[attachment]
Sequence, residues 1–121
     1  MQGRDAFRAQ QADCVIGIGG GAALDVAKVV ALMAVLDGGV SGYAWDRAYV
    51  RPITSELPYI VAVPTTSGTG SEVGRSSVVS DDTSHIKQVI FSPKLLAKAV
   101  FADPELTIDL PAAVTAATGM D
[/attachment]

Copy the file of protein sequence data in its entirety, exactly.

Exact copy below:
Sequence, residues 1–121
     1  MQGRDAFRAQ QADCVIGIGG GAALDVAKVV ALMAVLDGGV SGYAWDRAYV
    51  RPITSELPYI VAVPTTSGTG SEVGRSSVVS DDTSHIKQVI FSPKLLAKAV
   101  FADPELTIDL PAAVTAATGM D